Simone A. Schweiger The Effectiveness of Firms‘ Strategic Orientations
Investigating Multiple Theoretical Perspectives
- in englischer Sprache -
Strategisches Management, volume 153
Hamburg 2013, 202 pages
ISBN 978-3-8300-7301-7 (print)
ISBN 978-3-339-07301-3 (eBook)
about this book deutsch english
The strategic orientation of firms can take on many forms. Researchers most commonly distinguish between entrepreneurial, market, and learning orientations. In combination, strategic orientations represent a firm’s value proposition in terms of the markets in which it operates, where it deploys its resources, and which behavioral patterns are established. This thesis provides insights into the effectiveness of strategic orientations by adopting multiple theoretical perspectives. The strategic orientations of entrepreneurial, market, learning, and innovation orientations are investigated in an isolated as well as interrelated manner.
The first research article concentrates on entrepreneurial orientation as its conceptualization and operationalization is subject to several debates in the literature. This conceptual study shows how the challenges of the entrepreneurial orientation construct can be overcome in future research to arrive at a higher level of construct clarity. Thereby, the theoretical perspectives of entrepreneurial dominant logic and the theory of planned behavior are employed.
The literature has predominantly focused on investigating the effectiveness of particular strategic orientations. Recently, scholars have stressed their synergetic impact on firm performance and, as such, the relevance of considering their combined role in creating superior value for firms. However, empirical research on their interrelatedness remains scant and dispersed, making it necessary to conduct further research on strategic orientations in an integrative manner. As such, the second research article demonstrates which interrelated roles are played by entrepreneurial, market, and learning orientations in their relationship to firm performance. The rich body of existing knowledge is synthesized by means of meta-analysis under the perspective of strategic coalignment as well as the resource-based view of the firm.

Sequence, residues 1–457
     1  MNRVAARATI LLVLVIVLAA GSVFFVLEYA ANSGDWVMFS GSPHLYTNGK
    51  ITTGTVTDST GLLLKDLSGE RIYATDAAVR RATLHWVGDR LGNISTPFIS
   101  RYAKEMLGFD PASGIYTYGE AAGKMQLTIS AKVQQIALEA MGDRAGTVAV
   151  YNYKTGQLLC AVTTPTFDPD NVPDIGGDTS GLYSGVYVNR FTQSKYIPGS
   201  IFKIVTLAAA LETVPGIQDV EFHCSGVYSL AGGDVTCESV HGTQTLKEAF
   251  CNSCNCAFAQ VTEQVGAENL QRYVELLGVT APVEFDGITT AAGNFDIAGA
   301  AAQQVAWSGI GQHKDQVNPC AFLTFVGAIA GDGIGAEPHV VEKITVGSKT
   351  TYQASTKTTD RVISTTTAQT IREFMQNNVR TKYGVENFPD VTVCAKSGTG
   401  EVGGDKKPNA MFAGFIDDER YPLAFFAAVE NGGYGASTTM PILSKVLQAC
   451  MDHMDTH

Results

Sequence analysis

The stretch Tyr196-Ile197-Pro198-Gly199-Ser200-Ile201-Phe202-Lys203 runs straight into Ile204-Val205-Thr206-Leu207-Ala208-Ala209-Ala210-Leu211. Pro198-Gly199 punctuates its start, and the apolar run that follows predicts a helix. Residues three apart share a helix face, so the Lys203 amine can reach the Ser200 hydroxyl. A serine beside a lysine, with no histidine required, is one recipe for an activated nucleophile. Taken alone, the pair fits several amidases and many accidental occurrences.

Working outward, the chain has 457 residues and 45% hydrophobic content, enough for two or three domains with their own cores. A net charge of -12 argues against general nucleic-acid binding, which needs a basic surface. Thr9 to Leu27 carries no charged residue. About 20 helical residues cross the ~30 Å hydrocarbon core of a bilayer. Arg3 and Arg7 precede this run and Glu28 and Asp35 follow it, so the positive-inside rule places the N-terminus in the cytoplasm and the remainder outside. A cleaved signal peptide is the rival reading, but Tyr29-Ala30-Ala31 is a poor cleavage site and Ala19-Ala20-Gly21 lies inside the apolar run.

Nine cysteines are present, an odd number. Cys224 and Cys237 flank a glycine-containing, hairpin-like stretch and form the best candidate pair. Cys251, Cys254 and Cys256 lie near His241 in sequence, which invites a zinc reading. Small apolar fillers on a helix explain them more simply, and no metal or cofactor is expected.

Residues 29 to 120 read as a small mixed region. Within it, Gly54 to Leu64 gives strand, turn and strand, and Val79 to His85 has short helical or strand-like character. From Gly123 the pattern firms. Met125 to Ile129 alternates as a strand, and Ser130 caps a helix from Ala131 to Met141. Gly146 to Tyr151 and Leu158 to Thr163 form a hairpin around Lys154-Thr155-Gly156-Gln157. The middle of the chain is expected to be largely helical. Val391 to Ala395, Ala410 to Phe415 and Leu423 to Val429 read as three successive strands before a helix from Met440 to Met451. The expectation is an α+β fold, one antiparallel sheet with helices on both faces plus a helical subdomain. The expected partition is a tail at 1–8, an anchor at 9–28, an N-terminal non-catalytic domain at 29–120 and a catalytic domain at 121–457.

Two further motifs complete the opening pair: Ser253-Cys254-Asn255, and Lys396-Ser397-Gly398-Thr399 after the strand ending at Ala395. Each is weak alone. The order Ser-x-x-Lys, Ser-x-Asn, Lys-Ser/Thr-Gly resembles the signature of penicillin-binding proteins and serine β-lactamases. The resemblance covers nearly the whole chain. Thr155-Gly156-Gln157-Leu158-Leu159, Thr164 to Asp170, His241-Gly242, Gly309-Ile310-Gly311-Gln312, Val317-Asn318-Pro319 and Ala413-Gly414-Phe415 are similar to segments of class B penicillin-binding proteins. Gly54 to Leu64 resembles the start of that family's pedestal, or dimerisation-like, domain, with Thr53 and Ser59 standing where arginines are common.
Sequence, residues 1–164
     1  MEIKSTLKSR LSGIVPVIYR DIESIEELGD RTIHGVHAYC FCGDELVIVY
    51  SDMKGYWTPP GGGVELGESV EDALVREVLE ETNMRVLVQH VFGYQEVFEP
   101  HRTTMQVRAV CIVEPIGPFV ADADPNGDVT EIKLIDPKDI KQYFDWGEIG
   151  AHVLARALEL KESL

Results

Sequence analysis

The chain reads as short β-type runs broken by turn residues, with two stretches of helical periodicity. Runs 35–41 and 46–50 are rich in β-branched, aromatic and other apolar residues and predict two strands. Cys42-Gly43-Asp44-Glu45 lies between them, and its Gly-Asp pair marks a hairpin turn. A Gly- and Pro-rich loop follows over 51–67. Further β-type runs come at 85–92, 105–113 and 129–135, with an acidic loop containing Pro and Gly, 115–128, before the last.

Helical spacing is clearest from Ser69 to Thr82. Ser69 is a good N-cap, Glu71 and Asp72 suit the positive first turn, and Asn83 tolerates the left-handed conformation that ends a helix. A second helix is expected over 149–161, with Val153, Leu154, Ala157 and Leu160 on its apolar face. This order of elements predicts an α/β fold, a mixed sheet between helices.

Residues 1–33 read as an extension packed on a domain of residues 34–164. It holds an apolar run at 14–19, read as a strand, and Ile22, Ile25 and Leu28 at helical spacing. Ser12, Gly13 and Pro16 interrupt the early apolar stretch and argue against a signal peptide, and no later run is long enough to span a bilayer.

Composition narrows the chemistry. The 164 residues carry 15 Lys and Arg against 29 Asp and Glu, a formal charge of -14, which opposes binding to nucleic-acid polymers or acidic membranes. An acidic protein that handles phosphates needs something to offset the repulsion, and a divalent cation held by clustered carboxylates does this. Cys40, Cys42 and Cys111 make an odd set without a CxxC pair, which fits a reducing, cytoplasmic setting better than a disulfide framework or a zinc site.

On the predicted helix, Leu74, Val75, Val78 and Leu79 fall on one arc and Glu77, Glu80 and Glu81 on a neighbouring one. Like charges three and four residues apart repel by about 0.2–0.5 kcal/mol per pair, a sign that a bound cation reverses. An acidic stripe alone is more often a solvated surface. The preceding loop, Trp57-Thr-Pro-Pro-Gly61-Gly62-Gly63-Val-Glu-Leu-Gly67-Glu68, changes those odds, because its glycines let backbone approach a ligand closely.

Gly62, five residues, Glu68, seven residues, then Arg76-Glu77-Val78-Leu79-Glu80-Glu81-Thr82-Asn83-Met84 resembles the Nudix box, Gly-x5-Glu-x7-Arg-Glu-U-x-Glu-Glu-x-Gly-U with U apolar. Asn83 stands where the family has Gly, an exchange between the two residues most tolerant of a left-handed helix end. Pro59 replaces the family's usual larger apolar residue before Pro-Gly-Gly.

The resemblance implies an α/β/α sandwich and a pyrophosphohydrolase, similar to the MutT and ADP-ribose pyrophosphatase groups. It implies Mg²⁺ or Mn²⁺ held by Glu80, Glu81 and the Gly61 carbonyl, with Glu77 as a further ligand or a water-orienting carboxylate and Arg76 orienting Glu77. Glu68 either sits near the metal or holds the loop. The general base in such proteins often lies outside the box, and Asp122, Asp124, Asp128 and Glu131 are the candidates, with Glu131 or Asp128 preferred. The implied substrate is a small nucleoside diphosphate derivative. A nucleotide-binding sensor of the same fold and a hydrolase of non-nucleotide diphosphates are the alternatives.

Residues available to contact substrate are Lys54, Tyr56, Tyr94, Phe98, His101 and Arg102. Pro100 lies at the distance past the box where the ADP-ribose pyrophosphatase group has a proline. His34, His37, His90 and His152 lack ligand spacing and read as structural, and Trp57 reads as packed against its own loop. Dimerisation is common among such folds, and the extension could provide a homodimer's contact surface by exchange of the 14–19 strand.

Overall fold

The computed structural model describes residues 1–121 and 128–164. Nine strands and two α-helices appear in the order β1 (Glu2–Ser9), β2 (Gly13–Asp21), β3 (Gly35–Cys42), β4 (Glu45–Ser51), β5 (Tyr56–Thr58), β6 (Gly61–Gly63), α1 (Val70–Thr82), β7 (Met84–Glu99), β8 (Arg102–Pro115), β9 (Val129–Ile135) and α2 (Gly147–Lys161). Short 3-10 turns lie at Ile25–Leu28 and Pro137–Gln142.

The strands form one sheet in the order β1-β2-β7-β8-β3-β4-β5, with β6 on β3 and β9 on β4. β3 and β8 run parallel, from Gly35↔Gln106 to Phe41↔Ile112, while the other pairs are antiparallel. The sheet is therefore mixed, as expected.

In addition to entrepreneurial, market, and learning orientations, innovation orientation has recently been considered as an important characteristic of an overall strategy. The third research article of this thesis addresses these four strategic orientations and also incorporates an important contextual element: organizational structure, which is likely to influence the relationship between strategic orientations and firm performance. Extant research has not been thoroughly examined how a firm’s strategic orientation and organizational structure are contingent upon each other. Questioning the most effective ‘fit’, this study clarifies which fit perspective is appropriate to understand the contingencies of firms’ strategic orientation and organizational structure in impacting firm performance. Theoretical rationales of this research refer to fit as covariation, moderation, mediation, and profile deviation.
The studies presented in this book enhance our understanding of the effectiveness of particular strategic orientations but also the combined impact of various orientations on firm performance. For each study, implications for managers are provided and avenues for future research are presented.
keywordsConstruct Clarity Contingency Covariation Entrepreneurial Orientation Mediation Meta-Analysis Moderation Profile Deviation Strategic Co-Alignment Strategic Fit Strategic Orientation
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